Hazardous drugs need to be prepared by pharmacists, nurses or physicians using proper personal protective equipment and engineering controls. The risk of exposure to hazardous drugs through inhalation or direct skin contact is present during preparation and handling activities, including:
- Transferring hazardous drugs from one container to another, and reconstituting or manipulating them.
- Withdrawal of needles from drug vials.
- Expulsion of air from a drug-filled syringe.
- Drug handling practices, such as mixing, crushing, reconstituting, aerosolizing and blending of drugs;
- Needle or sharps handling and disposal;
- Priming of IV lines; and
- Labeling of containers containing drugs.
- Personal Protective Equipment: OSHA requires the employer to assess hazards and then select and ensure the use of appropriate personal protective equipment to protect employees from hazardous chemicals such as those found in some drugs. [29 CFR 1910.132]
- Eye and Face Protection: OSHA requires the use of appropriate chemical-barrier face and eye protection whenever splashes, sprays, or aerosols of hazardous drugs may be generated that could result in eye, nose, or mouth contamination. [29 CFR 1910.133]
Recognized Controls and Work Practices
- Containment Primary Engineering Controls (C-PEC) and Ventilated Cabinets: Use approved C-PECs when preparing hazardous medications. [Controlling Occupational Exposure to Hazardous Drugs (Section V, B, #2)]
- Compound sterile and non-sterile hazardous medications within a Containment Primary Engineering Control (C-PEC) located in a Containment Secondary Engineering Control (C-SEC) (USP 800).
- C-PECs for compounding sterile Hazardous Drugs include Class II and Class III (Biological Safety Cabinets (BSCs) and ISO Class 5 Compounding Aseptic Containment Isolators (CACIs) that meet or exceed the standards set in USP 797 (USP 797).
- Do not use Horizontal Laminar Airflow Workstations for the preparation of hazardous drugs, since they increase the likelihood of drug exposure. [Controlling Occupational Exposure to Hazardous Drugs (Section IV, A, #4)]
- Ensure that BSCs contain:
- Covered needle containers for needle disposal.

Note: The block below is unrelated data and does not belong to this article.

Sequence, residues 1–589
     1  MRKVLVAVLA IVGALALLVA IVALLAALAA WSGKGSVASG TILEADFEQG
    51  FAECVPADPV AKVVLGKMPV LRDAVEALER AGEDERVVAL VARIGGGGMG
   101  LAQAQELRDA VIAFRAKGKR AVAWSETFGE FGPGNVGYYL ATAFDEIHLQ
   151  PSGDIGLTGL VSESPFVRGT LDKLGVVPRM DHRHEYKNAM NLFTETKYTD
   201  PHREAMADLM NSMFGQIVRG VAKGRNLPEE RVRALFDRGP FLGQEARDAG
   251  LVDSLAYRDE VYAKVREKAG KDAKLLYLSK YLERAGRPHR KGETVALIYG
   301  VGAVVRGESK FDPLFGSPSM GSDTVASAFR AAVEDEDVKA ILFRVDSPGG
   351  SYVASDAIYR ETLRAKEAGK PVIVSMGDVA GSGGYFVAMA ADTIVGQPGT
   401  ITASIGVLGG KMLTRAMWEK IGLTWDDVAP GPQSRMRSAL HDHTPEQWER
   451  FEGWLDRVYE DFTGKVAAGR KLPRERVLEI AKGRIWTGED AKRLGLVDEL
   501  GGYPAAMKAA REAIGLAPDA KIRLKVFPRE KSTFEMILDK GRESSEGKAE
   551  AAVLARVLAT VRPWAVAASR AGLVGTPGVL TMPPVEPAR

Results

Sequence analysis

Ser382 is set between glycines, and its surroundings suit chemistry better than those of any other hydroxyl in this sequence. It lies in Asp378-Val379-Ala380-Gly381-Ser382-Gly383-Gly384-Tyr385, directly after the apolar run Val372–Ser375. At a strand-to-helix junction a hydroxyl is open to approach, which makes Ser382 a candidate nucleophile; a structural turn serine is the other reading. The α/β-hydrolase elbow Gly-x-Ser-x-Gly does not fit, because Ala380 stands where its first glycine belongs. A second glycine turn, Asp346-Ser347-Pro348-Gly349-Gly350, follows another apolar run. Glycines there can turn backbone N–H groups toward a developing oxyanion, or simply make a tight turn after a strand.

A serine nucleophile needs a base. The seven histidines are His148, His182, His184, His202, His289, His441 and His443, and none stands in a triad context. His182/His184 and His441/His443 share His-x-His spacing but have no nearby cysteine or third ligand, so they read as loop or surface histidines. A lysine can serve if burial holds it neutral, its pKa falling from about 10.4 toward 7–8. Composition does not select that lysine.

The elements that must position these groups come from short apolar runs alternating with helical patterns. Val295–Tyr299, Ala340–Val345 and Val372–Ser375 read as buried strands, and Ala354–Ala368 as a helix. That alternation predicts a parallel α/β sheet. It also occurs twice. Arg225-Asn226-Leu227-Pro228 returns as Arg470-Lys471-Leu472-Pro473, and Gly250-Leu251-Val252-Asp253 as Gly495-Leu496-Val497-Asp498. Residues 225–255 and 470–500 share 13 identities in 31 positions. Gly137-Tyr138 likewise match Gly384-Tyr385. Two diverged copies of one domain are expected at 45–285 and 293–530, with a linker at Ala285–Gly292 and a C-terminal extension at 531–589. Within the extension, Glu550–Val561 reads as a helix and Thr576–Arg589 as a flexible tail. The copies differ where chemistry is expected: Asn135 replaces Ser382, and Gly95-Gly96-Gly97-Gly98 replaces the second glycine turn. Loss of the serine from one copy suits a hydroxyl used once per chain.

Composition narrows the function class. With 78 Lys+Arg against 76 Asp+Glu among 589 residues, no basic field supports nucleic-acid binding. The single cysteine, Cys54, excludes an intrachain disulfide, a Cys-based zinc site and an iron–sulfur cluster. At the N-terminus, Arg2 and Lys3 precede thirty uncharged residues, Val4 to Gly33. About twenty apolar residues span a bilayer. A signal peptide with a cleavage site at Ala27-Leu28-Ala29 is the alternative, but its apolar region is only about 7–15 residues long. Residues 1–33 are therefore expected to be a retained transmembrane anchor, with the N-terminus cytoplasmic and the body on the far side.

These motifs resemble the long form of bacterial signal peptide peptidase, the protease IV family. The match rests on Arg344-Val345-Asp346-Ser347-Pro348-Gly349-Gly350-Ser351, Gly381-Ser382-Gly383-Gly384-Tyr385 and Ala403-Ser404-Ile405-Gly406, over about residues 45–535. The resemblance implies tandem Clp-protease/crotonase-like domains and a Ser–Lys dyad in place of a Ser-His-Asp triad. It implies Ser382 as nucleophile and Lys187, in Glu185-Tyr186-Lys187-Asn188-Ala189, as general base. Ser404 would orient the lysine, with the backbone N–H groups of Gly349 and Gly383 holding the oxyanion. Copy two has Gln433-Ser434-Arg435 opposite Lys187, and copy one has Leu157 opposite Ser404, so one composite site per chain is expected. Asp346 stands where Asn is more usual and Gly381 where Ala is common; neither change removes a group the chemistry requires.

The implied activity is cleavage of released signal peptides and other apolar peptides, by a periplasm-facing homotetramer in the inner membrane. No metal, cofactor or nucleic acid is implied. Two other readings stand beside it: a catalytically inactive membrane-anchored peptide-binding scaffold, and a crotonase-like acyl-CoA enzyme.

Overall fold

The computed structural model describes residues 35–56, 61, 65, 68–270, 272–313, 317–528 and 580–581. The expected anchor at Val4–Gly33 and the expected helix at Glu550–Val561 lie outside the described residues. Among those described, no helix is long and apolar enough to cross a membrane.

- Covered waste containers for excess fluids disposal.
- Expel air from syringes in a C-PEC, not at the time the healthcare worker gives the injection. [Controlling Occupational Exposure to Hazardous Drugs (Section V, F, #2)]).
- Preventing Occupational Exposures to Antineoplastic and other Hazardous Drugs in Healthcare Settings. U.S. Department of Health and Human Services (DHHS), National Institute for Occupational Safety and Health (NIOSH), Publication No. 2004-165, (September 2004). This document provides healthcare workers and employers with measures for minimizing exposure to hazardous drugs.
- Preventing Occupational Exposure to Antineoplastic and Other Hazardous Drugs in Health Care Settings. Worker/Employer Summary Sheet.
- Hazardous Drugs. OSHA Safety and Health Topics Page.
- Controlling Occupational Exposure to Hazardous Drugs. OSHA.
- Hazardous Drug Exposures in Health Care. National Institute for Occupational Safety and Health (NIOSH) Workplace Safety and Health Topic.
- NIOSH List of Antineoplastic and Other Hazardous Drugs in Healthcare Settings 2016.
- Hazardous Drugs. Washington State Department of Labor and Industries.
- Worker Exposure to Hazardous Drugs. Subject of NIOSH Alert and Guidelines. The Joint Commission and OSHA Lend Support to National Effort to Curb Hazards.
- Antineoplastic Agents. Occupational Hazards in Hospitals. Centers for Disease Control and Prevention (CDC) Workplace Safety and Health Publication, (2004).
- McDiarmid M, Oliver M et al. (2010). Chromosome 5 and 7 abnormalities in oncology personnel handling anticancer drugs. JOEM, 52(10): 1028-1034.
- Safe Handling of Hazardous Drugs. Duke Occupational & Environmental Safety Office, (Updated April 29, 2016).
- Safe Handling of Hazardous Drugs: Reviewing Standards for Worker Protection. Pharmacy Practice News, (2011).
- Oncology Nursing Society.